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FDA Restrictions on RU 486 Not Strong Enough
Source: Conservative News Service June 14, 2000
Washington—Restrictions by the Food and Drug Administration in the distribution of the dangerous French abortion drug RU 486, which abortion rights groups have denounced as too restrictive, do not go far enough, pro-life groups say. Because of the drug’s dangerous risks and side effects, the FDA now is requiring a national registry of all the people prescribing RU 486. Those who prescribe RU-486 also must have admitting privileges at a hospital within one hour of their location.
Since the administration of RU 486 is a complicated procedure that is usually carried out over a three-day period, the drug’s prescription and administration should be restricted to those who are trained to perform surgical abortions, the FDA is suggesting. Randall K O’Bannon, Ph.D, Director of Education for the National Right to Life Committee, strongly opposes the introduction of the drug into the United States, saying, “If the FDA had been faithful to its basic mission of guarding public health, it should have protected the unborn child and rejected RU-486 altogether.”
The FDA’s concern about the health of women taking RU-486 is not new, nor is it unjustified, O’Bannon said. “This is a dangerous drug.” Not only does it destroy the life of an unborn child, it’s also going to harm the women who take it, he said. RU-486 currently is available to women in countries that boast variations of nationalized health care systems, such as France and Great Britain, and its distribution is done at limited locations under highly regulated conditions.
French people who administer RU-486 are required to have emergency resuscitative equipment and electro-cardiograph equipment nearby in case of complications, O’Bannon said. After the drug was first considered in the United States, even those who favored its use were aghast when they heard about the training program its sponsor was proposing. “They had a lot of these concerns way back in the beginning about how this was going to work. Not only about training on how to administer the pill, but training to do back-up surgery if the drug failed or if they had complications,” O’Bannon said. The first stage of the RU 486 abortion procedure calls for the administration of misepristone, a drug that kills the child in the womb.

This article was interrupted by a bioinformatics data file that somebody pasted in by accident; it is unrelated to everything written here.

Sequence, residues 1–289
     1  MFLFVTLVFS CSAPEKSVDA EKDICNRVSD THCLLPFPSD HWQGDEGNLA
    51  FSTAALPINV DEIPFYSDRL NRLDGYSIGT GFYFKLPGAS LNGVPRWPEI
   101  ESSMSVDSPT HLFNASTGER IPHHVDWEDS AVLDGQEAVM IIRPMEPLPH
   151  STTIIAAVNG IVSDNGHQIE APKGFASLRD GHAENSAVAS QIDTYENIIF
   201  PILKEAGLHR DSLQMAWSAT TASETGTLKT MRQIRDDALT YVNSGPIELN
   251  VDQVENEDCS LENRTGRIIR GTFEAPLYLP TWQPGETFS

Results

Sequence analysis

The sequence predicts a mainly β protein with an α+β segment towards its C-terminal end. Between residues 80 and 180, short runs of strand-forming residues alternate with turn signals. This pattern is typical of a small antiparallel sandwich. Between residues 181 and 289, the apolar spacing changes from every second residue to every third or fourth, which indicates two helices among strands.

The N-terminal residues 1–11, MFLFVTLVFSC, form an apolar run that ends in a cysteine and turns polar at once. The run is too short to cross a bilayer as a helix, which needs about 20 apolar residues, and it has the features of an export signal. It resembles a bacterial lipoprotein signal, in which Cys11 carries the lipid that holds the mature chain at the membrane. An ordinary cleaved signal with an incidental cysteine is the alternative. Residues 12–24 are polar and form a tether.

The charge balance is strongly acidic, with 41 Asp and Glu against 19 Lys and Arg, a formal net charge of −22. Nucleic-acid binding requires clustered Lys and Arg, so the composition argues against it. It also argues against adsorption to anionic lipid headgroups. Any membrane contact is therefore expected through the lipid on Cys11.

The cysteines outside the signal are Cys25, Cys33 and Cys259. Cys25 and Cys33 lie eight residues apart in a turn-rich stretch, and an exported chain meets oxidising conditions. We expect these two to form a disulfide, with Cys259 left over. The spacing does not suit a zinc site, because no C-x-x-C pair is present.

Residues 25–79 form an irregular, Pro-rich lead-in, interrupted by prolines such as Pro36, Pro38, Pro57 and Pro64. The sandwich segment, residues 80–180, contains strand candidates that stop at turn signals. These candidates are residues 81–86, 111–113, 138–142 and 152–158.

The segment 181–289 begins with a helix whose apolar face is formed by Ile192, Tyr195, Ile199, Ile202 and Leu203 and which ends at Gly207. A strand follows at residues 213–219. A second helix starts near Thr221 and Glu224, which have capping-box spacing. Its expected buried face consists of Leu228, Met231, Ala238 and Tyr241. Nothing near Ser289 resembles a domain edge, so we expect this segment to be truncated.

This drug procedure is followed by another, the administration of misoprostol, which causes the dead unborn baby to be expelled from the womb. One of the problems associated with misoprostol is that some of the women who take it experience excessive bleeding. Over a 12-month period beginning in September 1994, the drug’s sponsors conducted a study in the US with 2,121 women ages 18 to 35 who were pregnant for periods of 63 days or less. Researchers found the primary negative side effect of RU-486 was excessive bleeding, some of which necessitated blood transfusions and resulted in hospitalizations, including emergency room visits, surgical interventions and administrations of intravenous fluid.
According to the FDA recommendation, doctors also should do follow-up studies of all the people who were prescribed RU 486. Researchers in the US found that some women bled for up to 60 days after they took RU 486 and some developed endometritis, an inflammation of the lining of the uterus, after taking the drug. Since there is an 8 percent failure rate of RU-486 to kill babies aged 49 days or less, the FDA ruled that those who administer the drug must be trained in providing surgical abortions. The farther along the woman is in her pregnancy, the greater the chances are that the drug will fail to kill the baby and will cause great harm to the mother. Although pro-life groups like National Right to Life would favor strong restrictions on the dangerous drug were it approved, they do not favor its approval. “We would not like it approved for this use, period, on the grounds that this is the life of an unborn child,” said Laura Echevarria, spokeswoman for National Right to Life. “But there’s such great potential danger to women’s lives as well, for the FDA to do anything less than these restrictions wouldn’t be wise. It should give women some pause. If the FDA is saying, OK, but … American women have to rethink: Is this the safe abortion drug as it’s been touted?”
Meanwhile, The Population Council, the pro-abortion organization that holds the US patent for RU-486, may be willing to accept government restrictions in order to win marketing approval, a representative of the organization told reporters at a briefing Tuesday. The Population Council and its marketing partner New York-based Danco Laboratories “would like to get the drug approved, and if we have to accept some restrictions we would do so, and try to get some of them repealed after approval,” Sandra Arnold, the organization’s VP for Corporate Affairs, told reporters.